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Home » 9to5to9, Boots' story, Sports

Boots learns how to play soccer – thanks to Big Guy

Submitted by on Friday, 29 January 2010 No Comment
For years, Boots dreamed of joining Big Guy on that glorious place called the soccer field.

He ran onto the grass in the middle of practice. He threw  tantrums so horrific he was banned from going to games. He cried in the fall when we bought new gear for Big Guy. "No fair! You never let me play!"

At last, Boots' time came. For the first two practices, though, he gave every indication of no longer giving a flip. That was before Big Guy got involved and Boots suddenly found a competitive spirit.

It's not that Boots didn't love every part of soccer preparations. He was thrilled when we bought two sets of socks, shoes and shin guard. At last, a set for him, all shiny and new. He couldn't wait to try them on.

He quickly couldn't wait to get them off. "These are itchy," he complained. "Take them off now!"

"You'll get used to them," I said.

At least scratching at the offending scraps gave him something to do at practice. That and flopping on the floor. I felt bad that his first soccer season was indoor and he didn't have any grass to pick or dandelions to pluck.

Ay but he did have a bottle to sip from, and he did so repeatedly. "Need another water break!" he'd chirp even though he'd yet to break a sweat.

And so it went for a week, with Boots sipping, flopping and only occasionally agreeing to kick the ball. "I can't kick it," he complained. "Those mean kids keep taking it away from me!"

Finally, though, he found a "mean kid" he was willing to battle. It was the same "mean kid" he's been brawling with for years. His brother.

Big Guy entered the picture because the coach wanted enough extra players to create a respectable scrimmage for the 4- and 5-year-olds. She didn't have to ask him twice. He scampered onto the court and ran straight for where Boots was dribbling the ball with all the speed of a stampeding snail. It wasn't hard for Big Guy to change that.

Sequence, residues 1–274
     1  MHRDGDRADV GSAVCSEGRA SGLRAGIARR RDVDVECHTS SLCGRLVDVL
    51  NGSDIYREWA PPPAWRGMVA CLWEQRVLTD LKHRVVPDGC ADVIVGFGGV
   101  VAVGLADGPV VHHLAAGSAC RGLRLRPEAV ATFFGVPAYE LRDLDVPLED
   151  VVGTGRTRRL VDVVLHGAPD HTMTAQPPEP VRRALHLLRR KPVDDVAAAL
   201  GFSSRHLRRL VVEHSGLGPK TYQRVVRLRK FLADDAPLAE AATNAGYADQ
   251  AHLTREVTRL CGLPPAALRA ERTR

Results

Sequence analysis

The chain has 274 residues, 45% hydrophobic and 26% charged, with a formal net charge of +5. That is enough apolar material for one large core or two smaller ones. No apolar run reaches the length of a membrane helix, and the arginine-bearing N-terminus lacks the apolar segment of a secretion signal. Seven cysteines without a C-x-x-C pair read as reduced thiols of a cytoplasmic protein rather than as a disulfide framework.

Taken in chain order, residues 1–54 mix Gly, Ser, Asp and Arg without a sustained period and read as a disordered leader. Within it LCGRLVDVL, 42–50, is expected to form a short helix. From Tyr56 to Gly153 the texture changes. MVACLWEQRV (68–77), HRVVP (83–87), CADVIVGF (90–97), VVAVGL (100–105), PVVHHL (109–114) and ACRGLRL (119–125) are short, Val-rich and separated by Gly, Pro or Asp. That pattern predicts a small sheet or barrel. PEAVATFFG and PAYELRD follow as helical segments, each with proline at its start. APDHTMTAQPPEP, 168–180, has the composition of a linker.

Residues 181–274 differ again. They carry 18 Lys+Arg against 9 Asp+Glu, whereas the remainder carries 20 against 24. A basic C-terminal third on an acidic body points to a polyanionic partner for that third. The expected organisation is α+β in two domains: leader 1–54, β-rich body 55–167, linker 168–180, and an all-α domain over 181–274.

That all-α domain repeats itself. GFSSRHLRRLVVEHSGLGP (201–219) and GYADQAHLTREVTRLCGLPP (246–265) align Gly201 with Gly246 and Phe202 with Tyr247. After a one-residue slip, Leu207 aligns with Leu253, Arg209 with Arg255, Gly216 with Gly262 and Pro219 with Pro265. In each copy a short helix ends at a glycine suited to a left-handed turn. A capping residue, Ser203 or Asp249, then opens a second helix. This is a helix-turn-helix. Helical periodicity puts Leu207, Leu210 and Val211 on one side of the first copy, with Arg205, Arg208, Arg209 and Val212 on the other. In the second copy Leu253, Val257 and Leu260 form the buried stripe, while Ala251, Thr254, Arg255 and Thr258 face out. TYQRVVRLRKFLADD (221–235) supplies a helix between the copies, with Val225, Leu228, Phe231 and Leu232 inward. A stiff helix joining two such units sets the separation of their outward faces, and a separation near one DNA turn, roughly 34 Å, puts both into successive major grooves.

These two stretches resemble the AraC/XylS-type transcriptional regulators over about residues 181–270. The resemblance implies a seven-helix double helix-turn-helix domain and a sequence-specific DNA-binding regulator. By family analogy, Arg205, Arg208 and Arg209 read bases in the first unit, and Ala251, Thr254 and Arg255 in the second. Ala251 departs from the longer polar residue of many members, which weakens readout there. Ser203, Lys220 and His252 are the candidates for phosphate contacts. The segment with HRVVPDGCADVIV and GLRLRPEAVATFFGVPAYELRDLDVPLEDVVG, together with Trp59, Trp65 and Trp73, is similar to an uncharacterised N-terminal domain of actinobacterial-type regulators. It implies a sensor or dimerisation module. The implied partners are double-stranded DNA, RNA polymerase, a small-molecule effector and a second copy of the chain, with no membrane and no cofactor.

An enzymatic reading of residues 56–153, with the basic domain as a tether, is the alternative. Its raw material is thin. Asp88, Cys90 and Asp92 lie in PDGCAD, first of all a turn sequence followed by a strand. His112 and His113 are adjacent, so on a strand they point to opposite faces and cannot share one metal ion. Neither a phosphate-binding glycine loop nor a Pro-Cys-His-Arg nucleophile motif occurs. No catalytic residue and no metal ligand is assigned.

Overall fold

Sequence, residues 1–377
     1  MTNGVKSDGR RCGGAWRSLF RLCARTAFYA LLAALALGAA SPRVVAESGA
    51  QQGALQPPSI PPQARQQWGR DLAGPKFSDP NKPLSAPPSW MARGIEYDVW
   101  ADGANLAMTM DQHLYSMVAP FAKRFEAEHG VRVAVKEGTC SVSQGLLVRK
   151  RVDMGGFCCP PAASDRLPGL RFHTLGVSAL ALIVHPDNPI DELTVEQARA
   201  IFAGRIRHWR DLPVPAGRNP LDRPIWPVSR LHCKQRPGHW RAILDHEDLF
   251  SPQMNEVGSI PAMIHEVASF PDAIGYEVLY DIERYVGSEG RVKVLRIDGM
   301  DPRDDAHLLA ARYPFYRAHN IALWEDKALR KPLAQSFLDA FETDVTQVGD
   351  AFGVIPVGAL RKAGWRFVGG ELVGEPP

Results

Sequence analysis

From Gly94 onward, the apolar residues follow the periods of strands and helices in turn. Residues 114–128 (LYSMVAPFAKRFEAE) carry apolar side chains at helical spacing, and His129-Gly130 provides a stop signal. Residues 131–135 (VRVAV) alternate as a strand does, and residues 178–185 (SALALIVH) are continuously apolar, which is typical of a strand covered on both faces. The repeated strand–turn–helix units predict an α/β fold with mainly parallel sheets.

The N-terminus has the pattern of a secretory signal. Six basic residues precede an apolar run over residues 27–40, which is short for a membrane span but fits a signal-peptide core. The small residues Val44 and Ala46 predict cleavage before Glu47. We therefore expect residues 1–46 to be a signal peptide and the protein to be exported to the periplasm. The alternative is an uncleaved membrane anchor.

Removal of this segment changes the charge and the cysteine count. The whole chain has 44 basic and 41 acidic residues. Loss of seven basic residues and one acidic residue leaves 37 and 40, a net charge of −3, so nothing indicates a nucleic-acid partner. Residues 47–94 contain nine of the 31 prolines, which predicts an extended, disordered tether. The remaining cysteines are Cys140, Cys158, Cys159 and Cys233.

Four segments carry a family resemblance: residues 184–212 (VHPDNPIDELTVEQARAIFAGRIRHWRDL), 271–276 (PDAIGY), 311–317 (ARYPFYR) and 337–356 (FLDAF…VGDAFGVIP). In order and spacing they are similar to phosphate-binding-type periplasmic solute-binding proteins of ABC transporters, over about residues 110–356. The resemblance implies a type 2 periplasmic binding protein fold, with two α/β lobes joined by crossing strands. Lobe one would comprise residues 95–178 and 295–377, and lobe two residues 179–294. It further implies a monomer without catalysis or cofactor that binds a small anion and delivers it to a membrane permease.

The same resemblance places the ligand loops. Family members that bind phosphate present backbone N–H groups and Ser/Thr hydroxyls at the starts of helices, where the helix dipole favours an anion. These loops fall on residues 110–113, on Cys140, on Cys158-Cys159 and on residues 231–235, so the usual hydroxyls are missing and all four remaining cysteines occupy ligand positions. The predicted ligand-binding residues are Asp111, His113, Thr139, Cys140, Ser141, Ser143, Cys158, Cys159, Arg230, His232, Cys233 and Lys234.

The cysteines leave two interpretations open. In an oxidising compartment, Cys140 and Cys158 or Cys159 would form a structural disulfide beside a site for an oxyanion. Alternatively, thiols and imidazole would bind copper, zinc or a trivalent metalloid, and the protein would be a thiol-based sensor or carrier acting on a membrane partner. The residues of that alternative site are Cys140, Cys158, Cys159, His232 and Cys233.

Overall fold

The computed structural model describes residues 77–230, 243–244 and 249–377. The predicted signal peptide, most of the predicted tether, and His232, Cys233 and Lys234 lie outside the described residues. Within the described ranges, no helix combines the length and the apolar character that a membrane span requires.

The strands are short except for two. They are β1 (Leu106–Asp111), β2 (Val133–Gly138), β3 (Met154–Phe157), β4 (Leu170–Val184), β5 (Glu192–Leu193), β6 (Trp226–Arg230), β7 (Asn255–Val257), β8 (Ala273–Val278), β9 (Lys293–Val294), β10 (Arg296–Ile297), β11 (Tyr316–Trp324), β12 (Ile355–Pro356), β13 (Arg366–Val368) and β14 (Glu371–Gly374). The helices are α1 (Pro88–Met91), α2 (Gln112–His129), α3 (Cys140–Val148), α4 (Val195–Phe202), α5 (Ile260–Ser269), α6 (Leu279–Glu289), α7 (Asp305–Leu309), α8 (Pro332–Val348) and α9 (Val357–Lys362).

Boots  became red-faced with rage. "Mom-meeeeeeeeeeeeeee!" he shrieked. "He tooked the ball from me. He tooked the ball."

"So take it back," I shrugged.

He took me literally, shoving Big Guy in the back and picking up the ball. Big Guy retaliated, and Coach Mom stepped in.

"No, Boots, you don't take the ball that way," I said. "You have to kick it away from him. You can't use your hands, and you definitely can't shove. I know it's hard, but you'll learn."

Big Guy grinned until I turned to him. "You know better than to shove. Remember that you're not on this team and you're playing only because the coach is being nice. If you two keep fighting, she's not going to let you."

Big Guy went off to harass a kid closer to his skill level, playing the 5-year-old close without shoving even though the younger player applied a few thumps to Big Guy's back. "It's OK. He's just a little kid. He doesn't understand." I wondered why his brother didn't get that same dispensation.

As for Boots, he managed to keep upright and mobile after that, kicking the ball several times. It didn't land in the goal, but at least it was in the same time zone.

I wonder if I can convince a member of the other team to wear a Big Guy mask for Saturday's game.

Copyright 2010 Debra Legg. All rights reserved.

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